The Dodgers, Don Mattingly part ways

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Jon Heyman reports that Don Mattingly and the Dodgers “have parted ways.”

Mattingly was under contract for 2016, but ESPN reports he was offered an extension some time last week. The original headline to this post said the Dodgers “fired” Mattingly, but multiple reports since the news broke say that Mattingly and the Dodgers were on the same page regarding his departure. Depending on the nature of the offer he received and the conversations which surrounded it, it’s possible to couch this in any number of ways, but with additional reporting, “firing” is probably too harsh a way to put it.

But whatever you call it, the parting of ways is not terribly unexpected. While the Dodgers have had success during Mattingly’s tenure, winning the past three NL West titles and going 446-363 in his five years in charge, they have also undershot expectations, losing in the NLDS the past two seasons and the NLCS in 2013. This despite the game’s highest payroll and considerable expectations.

Also not working in Mattingly’s favor, a clubhouse that is, to put it mildly, difficult. While Yasiel Puig‘s greatest moments have been the most notable off-the-field distractions over the past few years, Mattingly was seen in a shouting match with Andre Ethier during the elimination game of this year’s NLDS. Molly Knight’s book about the Dodgers, “The Best Team Money Can Buy,” likewise revealed that there is no small amount of friction and no small number of difficult personalities under contract for the Dodgers.

Not that the Dodgers’ failures can all be laid at Mattingly’s feet. L.A’s bullpen lacks the sort of talent necessary to go far in the postseason in recent years, with there being no clear bridge between the starters and closer Kenley Jansen. And while the first two of those starters — Clayton Kershaw and Zack Greinke — are phenomenal, injuries to Hyun-Jin Ryu and Brandon McCarthy made for a thin overall rotation in 2015, putting that much more pressure on the aces and the pen.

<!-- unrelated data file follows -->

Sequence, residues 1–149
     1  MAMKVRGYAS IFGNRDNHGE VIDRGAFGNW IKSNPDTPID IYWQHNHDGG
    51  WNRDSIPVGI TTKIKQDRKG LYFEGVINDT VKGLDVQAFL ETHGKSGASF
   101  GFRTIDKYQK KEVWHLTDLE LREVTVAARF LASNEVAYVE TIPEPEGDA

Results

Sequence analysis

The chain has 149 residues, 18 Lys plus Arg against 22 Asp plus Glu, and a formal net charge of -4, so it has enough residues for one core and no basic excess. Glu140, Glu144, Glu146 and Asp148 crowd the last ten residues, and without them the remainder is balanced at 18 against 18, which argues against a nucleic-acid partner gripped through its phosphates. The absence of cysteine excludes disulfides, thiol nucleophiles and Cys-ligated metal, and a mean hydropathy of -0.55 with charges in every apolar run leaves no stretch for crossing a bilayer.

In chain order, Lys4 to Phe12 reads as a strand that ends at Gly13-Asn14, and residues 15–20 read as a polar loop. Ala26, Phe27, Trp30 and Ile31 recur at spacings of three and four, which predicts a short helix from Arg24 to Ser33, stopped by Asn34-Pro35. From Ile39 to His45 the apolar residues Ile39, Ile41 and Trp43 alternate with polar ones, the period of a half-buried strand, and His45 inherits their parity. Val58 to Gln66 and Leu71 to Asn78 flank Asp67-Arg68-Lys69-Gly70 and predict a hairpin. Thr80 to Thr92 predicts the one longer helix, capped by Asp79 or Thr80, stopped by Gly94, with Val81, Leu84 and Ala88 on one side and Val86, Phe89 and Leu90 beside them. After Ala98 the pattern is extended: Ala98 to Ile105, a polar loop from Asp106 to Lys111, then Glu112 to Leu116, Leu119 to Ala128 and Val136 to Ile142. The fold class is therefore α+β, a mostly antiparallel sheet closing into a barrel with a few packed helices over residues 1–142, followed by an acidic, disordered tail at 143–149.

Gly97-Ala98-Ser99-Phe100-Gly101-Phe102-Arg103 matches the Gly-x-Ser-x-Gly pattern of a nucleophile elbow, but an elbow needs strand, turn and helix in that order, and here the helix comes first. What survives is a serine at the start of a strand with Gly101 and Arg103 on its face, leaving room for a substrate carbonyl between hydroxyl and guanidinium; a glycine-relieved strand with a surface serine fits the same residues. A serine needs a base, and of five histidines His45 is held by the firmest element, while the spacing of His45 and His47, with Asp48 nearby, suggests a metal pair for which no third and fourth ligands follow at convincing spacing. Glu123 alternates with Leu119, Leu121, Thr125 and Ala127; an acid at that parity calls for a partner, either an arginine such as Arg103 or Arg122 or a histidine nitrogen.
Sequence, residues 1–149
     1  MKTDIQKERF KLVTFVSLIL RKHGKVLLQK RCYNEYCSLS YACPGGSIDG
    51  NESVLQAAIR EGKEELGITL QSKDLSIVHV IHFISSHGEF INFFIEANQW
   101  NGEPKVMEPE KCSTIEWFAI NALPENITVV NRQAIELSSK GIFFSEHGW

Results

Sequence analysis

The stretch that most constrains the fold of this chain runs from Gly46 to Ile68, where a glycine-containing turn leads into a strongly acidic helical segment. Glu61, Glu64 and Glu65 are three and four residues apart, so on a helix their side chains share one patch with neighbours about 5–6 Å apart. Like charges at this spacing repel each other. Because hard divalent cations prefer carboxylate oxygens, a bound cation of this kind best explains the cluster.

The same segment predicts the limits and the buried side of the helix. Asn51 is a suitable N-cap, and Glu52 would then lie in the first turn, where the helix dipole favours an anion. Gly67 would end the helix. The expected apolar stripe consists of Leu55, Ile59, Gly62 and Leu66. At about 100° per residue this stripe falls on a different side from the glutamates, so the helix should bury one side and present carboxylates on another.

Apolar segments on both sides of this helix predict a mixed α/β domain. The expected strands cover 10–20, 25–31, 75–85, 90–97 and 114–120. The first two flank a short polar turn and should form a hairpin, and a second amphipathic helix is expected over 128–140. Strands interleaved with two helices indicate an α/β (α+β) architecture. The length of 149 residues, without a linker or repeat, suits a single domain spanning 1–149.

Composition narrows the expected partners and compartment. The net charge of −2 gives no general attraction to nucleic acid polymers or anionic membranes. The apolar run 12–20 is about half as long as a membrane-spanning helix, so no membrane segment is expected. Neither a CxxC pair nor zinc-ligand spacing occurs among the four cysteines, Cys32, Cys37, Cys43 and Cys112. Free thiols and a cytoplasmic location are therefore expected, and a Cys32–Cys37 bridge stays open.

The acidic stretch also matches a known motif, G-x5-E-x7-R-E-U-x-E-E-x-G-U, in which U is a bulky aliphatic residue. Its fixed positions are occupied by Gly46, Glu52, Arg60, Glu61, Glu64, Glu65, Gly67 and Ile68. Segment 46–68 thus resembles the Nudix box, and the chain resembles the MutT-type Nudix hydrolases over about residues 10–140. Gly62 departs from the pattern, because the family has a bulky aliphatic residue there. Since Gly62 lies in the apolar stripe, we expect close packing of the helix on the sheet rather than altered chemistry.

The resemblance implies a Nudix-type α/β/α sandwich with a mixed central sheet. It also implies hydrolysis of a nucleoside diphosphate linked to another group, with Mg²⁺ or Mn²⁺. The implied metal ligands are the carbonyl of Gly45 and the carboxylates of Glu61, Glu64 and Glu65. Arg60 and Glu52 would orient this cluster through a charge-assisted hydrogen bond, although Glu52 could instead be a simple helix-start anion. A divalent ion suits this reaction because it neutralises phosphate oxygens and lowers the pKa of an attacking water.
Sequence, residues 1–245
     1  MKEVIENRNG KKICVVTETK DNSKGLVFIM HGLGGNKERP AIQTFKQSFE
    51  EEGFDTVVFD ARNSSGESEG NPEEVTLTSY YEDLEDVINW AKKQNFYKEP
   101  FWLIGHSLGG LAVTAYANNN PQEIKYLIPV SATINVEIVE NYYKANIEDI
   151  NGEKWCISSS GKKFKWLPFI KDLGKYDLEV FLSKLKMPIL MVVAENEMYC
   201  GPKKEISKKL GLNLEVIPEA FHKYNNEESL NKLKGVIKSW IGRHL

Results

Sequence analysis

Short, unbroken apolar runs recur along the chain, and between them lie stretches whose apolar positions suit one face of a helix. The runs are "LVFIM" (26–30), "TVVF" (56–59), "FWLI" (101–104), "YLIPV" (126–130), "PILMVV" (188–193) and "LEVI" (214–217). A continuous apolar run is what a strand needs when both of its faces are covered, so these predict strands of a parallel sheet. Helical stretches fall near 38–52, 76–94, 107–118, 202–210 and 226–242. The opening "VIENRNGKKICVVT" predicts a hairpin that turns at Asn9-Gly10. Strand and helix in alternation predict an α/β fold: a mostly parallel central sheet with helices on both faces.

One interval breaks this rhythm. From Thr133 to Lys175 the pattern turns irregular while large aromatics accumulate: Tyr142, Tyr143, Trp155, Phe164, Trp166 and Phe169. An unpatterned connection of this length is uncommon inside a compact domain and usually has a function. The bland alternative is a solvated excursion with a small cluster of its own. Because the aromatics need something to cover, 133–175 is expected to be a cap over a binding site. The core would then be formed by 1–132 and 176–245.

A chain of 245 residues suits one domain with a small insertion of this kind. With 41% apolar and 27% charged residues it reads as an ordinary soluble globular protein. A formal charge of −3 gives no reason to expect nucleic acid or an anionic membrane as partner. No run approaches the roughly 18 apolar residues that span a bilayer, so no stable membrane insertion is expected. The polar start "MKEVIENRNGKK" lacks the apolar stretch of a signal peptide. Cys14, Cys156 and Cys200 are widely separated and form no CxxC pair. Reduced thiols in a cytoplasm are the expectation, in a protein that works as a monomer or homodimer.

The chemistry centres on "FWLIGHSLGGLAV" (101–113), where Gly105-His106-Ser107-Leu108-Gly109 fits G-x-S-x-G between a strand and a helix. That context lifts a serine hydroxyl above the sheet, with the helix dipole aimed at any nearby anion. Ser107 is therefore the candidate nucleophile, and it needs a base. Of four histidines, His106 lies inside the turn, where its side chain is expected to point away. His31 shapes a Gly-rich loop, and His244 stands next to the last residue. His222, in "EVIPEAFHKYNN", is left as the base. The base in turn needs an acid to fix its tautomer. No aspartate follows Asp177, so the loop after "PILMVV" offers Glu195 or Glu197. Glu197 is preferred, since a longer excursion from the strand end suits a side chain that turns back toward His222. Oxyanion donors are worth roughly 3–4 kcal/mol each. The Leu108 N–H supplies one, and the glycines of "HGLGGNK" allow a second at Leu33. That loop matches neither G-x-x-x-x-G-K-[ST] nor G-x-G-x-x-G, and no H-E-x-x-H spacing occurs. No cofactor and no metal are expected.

Mattingly may find himself a new job pretty quickly. He’s generally well respected in the game and the challenges he faced in Los Angeles are well known. Don’t be surprised to see him interviewed by the Marlins, Nationals and other teams with managerial openings soon.

As for the Dodgers? The search begins.

The Yankees and Red Sox will play on artificial turf in London

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Major League Baseball wants to give the United Kingdom a taste of America’s past time when the Yankees and Red Sox visit next month. Based on the playing surface they’re going to use, however, they may as well have sent the Blue Jays and the Rays:

Major League Baseball has access to Olympic Stadium for 21 days before the games on June 29 and 30, the sport’s first regular-season contests in Europe, and just five days after to clear out. The league concluded that there was not enough time to install real grass.

Starting June 6, gravel will be placed over the covering protecting West Ham’s grass soccer pitch and the running track that is a legacy from the 2012 Olympics. The artificial turf baseball field, similar to modern surfaces used by a few big league clubs, will be installed atop that.

At least they will not use the old-style sliding pits/turf infield that you used to always see. That’ll all be dirt. There are comments in the article about how it’s a cost savings too since they’re going back next year and won’t have to bulldoze and re-grow grass. Aaron Boone and Xander Bogaerts were asked and they don’t seem to care since it’s similar to the surface they play on in Toronto or down in Florida against the Rays.

Still, this is whole deal is not aimed at doing whatever minimally necessary to pull off a ballgame. It’s supposed to be a showcase on a global stage in a world capital. I have no idea how anyone thinks that doing that on a surface baseball has decided is obsolete for baseball playing purposes unless the ballpark is either outdated or in an arid environment is a good idea.

It’s certainly not baseball putting its best foot forward. It could’ve avoided this by choosing a different venue or even building a temporary one like MLB has done on occasion in the past. That, I suppose, would limit the revenue-generation capacity of these games, however, so you know that was off the table in this day and age.

Yankees and Red Sox on turf. What a decision.